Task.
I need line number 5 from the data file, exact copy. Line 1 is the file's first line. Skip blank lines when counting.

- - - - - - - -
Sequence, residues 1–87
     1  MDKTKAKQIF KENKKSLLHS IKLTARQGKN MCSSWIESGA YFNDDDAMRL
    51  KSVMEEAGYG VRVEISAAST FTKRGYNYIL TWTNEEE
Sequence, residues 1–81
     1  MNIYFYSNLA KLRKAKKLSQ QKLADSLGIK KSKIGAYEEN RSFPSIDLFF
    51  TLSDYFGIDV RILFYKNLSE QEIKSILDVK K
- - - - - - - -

     1  MNIYFYSNLA KLRKAKKLSQ QKLADSLGIK KSKIGAYEEN RSFPSIDLFF